Washington's Street Plan
For years now people have been looking carefully at the street plan of Washington DC. There doesn't seem to be any doubt about it - this city was very carefully planned right from the start and it was put together by a bunch of people who were obsessed with sacred mathematics and who were well versed in esoteric subjects.
But where did this apparently modern obsession with the street plan of Washington come from? It's hard to know because it seems to have been around right from the start. We know who designed the city, and when. The first plans were laid down by a Frenchman by the name of Pierre Charles L'Enfant in 1791 and the area where the new city would be placed was surveyed by a team consisting of Benjamin and Joseph Ellicot, Isaac Briggs, George Fenwick and Benjamin Banneker.
These men were working under the direct instructions of George Washington, the first President of a free United States of America. Washington was a life-long Freemason, and all commentators are sure that this fact had some bearing on the city plan that Washington's fellow Mason L'Enfant, first created. However, a modified version of L'Enfant's plan was eventually used, though still under the direct control of George Washington.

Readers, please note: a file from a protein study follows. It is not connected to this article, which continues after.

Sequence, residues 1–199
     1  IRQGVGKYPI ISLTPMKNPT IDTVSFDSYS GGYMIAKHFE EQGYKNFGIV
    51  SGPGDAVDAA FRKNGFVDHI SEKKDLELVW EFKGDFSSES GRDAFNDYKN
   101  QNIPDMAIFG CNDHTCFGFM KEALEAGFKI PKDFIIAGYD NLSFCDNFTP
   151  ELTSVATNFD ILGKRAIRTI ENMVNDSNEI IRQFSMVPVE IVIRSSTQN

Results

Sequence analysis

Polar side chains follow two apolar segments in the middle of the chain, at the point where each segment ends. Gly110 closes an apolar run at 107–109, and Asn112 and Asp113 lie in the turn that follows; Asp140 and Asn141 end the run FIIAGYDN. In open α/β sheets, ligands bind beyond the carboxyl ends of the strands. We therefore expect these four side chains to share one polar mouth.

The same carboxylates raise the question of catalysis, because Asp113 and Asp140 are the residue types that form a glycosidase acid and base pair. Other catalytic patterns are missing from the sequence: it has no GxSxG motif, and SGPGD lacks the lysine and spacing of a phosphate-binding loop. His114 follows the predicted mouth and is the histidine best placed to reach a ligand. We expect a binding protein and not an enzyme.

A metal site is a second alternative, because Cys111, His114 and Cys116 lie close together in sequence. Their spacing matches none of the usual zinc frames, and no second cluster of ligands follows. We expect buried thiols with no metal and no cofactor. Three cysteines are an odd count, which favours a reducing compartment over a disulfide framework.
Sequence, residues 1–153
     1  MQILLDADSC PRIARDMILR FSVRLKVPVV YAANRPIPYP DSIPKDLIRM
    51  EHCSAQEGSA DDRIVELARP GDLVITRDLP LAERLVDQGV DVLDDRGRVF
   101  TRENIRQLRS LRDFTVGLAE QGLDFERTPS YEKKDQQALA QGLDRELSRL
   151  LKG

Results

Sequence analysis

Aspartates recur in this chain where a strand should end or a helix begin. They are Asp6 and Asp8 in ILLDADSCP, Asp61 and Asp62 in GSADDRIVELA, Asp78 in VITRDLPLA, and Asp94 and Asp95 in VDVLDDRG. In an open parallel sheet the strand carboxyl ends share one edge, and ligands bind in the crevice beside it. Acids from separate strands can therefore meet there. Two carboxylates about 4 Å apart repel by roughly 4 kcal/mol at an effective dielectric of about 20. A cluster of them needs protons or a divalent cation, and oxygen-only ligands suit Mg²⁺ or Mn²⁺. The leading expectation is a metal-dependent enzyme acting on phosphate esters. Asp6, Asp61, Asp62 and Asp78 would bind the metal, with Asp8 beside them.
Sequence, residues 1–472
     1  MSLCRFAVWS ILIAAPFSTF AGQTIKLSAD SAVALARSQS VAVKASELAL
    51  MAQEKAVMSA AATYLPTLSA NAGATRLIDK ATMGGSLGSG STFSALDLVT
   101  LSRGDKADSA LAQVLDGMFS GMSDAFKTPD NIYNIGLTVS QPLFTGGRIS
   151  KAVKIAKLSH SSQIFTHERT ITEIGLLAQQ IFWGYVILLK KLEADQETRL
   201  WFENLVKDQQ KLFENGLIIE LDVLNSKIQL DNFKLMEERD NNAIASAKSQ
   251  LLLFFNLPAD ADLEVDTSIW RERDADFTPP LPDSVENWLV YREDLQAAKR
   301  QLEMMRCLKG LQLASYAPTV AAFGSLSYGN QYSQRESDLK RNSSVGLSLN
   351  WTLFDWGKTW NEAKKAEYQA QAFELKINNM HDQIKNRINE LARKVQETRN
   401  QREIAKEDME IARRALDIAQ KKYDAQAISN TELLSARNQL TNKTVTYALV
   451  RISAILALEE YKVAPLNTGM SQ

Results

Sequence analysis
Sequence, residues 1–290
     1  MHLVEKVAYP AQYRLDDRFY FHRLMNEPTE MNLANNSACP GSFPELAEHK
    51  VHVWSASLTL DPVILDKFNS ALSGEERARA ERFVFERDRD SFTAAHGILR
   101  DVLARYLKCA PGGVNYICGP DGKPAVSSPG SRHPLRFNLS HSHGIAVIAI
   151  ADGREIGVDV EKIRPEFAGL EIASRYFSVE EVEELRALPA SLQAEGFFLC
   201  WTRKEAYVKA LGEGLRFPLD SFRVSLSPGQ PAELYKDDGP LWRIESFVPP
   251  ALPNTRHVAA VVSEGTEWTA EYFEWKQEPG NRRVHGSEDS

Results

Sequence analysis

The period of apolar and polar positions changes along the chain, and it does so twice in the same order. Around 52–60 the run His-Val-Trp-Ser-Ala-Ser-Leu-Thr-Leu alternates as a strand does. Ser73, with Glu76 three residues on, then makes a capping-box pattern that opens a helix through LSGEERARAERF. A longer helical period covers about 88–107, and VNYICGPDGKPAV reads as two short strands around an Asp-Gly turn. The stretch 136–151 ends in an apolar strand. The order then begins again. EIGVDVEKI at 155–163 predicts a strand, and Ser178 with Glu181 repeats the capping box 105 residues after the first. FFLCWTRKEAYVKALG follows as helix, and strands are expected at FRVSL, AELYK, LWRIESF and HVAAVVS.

Because the city was designed from scratch, it was possible to make it modern and stylish. No old buildings had to be removed and a grid-iron street plan was utilized. It is probably because of this street plan that those believing in a totally Masonic conspiracy have been so active when looking at Washington. In particular they point to a huge pentacle that can be constructed around some of the major landmarks and intersections of the city and they suggest this as being proof of not just a Masonic but also a Satanic element to the United States' first city.
But does this pentagram really exist at all? Take a look at the city plan again. With a grid iron pattern such as the one adopted for Washington DC, it would be possible to make all manner of geometric shapes by joining up intersections and buildings. It isn't even is if the pentagram in question is a 'regular' pentagram. In a regular pentagram all the sides should be the same length. This example is distinctly distorted. But at the same time the idea that there is 'something' unusual about the layout of Washington DC is so compulsive that it must have had its origin somewhere. In fact it does, and we discovered what it was. We truly didn't mean to do so but that's what happened. And it all started thousands of miles away, in Great Britain. So if you want to understand the whole thing you will have to take a journey with us.